Self-compassion has been related to lower levels of PTSD symptom severity in other types of trauma, also, such as U.S. trauma-exposed soldiers (Dahm et al., 2015; Hiraoka at al., 2015), trauma-exposed college students (Seligowski, Miron, & Orcutt, 2015), and those who experience natural disasters (Zeller, Yuval, Nitzan-Assayag, & Bernstein, 2015). More recent research (Bistricky et al., 2017) examining interpersonal trauma (traumas that involve one person intentionally harming another, such as abuse, rape, assault, etc.) has found that those who experienced a greater number or more types of such traumas, who are more avoidantly attached, and who have lower self-compassion may have more severe symptoms related to posttrauma stress.

Self-compassion inductions have also become more prevalent in addressing issues related to trauma. Most early literature examining the effects of self-compassion inductions for those who experience trauma focus largely on veterans or general traumatic experiences (Held & Owens, 2015; Hoffart et al., 2015; Kearney et al., 2015; Klich, 2016). In fact, very little research to date examines self-compassion (correlationally or in the context of interventions) specifically in women who have experienced sexual assault.

Self-compassion inductions may be particularly beneficial for those who experience traumatic events and who identify as women. Some research suggests that women are lower in self-compassion compared to those who identify as men (Neff, 2003a; Neff, Hseih, Dejitthirat, 2005; Raes, 2010; Yarnell, Neff, Davidson, & Mullarkey, 2018). Women tend to engage in negative, self-critical self-talk more often compared to men (DeVore, 2013), which theoretically supports findings that women are lower in self-compassion. A meta-analysis conducted by Yarnell et al. (2015) examining self-compassion and gender differences in 71 studies revealed that men were slightly higher in self-compassion compared to women with differences between genders being larger among ethnic minorities living in the United States.

Although past research has shown that self-compassion focused practices are beneficial when used in the treatment trauma in general (Held & Owens, 2015; Hoffart et al., 2015; Klich, 2016), it is thought that women survivors of sexual abuse may experience unique challenges compared to other groups experiencing other types of trauma when engaging in self-compassion exercises (Boykin et al., 2018; Tesh, Learman, & Pulliam, 2013). Tesh et al. (2013) provide a theoretical background for appropriateness of self-compassion inductions in the treatment of those who experience intimate partner violence (IPV; i.e. intimidation as well as physical and sexual assault and battery). Authors theorize that mindful self-compassion interventions designed to increase self-kindness, common humanity, and mindfulness would be beneficial in addressing symptoms of shame, self-blame, depression, anxiety, PTSD, and suicidality in those who experience IPV.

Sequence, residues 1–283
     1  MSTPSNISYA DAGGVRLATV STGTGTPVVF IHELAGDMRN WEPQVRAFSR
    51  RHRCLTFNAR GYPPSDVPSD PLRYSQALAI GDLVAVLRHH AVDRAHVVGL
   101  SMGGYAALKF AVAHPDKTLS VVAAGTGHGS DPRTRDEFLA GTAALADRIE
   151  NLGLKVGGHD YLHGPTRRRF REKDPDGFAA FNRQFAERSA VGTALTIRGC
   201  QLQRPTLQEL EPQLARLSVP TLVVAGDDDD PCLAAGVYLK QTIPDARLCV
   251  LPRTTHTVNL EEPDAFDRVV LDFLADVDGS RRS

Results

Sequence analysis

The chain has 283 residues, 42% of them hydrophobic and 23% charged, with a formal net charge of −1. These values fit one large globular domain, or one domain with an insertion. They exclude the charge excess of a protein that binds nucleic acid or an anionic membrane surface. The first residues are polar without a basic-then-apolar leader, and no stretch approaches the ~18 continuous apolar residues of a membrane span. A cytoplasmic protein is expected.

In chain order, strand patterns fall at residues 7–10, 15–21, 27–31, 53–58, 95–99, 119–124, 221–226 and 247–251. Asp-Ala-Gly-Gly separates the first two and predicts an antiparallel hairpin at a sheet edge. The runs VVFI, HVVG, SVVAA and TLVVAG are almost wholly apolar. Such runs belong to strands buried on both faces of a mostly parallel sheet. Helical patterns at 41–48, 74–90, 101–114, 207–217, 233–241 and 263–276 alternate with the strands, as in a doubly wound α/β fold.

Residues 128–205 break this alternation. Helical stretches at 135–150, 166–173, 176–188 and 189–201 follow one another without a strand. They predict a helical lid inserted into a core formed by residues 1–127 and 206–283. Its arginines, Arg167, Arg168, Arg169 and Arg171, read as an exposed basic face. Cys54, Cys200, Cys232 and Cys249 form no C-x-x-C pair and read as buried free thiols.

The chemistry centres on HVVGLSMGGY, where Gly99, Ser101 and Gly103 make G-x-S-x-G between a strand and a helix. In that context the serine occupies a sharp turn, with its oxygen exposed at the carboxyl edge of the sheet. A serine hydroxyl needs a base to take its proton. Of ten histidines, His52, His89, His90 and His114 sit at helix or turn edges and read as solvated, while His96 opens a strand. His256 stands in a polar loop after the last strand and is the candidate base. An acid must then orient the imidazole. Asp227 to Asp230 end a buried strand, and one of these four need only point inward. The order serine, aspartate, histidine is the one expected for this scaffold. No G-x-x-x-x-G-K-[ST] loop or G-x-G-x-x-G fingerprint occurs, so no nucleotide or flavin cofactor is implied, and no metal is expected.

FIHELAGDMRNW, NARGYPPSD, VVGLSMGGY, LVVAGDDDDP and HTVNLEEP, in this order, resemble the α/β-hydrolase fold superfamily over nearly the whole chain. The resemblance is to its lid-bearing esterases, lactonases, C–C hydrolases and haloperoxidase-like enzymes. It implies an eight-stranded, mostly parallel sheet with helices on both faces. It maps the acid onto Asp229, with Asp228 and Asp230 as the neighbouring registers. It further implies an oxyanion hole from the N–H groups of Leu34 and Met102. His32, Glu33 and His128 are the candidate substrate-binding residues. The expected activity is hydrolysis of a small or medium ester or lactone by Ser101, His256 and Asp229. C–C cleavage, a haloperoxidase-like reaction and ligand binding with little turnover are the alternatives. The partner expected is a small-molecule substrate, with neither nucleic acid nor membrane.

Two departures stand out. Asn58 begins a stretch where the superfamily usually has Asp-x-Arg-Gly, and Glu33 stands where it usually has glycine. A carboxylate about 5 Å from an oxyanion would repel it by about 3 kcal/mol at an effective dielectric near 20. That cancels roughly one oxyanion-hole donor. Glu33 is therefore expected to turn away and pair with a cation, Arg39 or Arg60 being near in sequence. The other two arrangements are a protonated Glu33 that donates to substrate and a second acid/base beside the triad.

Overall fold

Boykin et al. (2018) compared women who experienced childhood maltreatment to those who had not experienced such events. Authors found that women survivors of childhood maltreatment (including sexual abuse) tend to actively resist self-kindness and warmth, show a fear of compassion, and exhibit psychological inflexibility during treatment when faced with self-compassion. The more severe the childhood maltreatment, the greater the fear of compassion was for such women (compared to those who experienced minimal or no maltreatment). Close (2013) found that among those who experience sexual assault, higher levels of self-compassion were significantly and negatively related to psychological distress, shame, self-criticism, and trauma-related negative cognitions.

Thought-experiment type research (research in which individuals have not actually experienced an event, but instead are asked to imagine an event) examining self-compassion in the context of sexual assault has shown promising results (Cazeau, 2015). For example, Cazeau (2015) examined benefits of self-compassion inductions compared to a control condition (verbal and serial learning) following an imagined sexual assault scenario. Women who were induced with self-compassion experienced fewer negative effects following the thought experiment compared to women not induced with self-compassion.

Crews, Stolz-Newton, and Grant (2016) found that yoga inductions in group settings for sexual assault survivors increases self-compassion, reduces negative feelings related to trauma, and results in better emotional wellness. Authors claim that positive outcomes of such inductions are a result of increasing feelings of self-kindness, mindfulness, and common humanity (by connecting to other participants).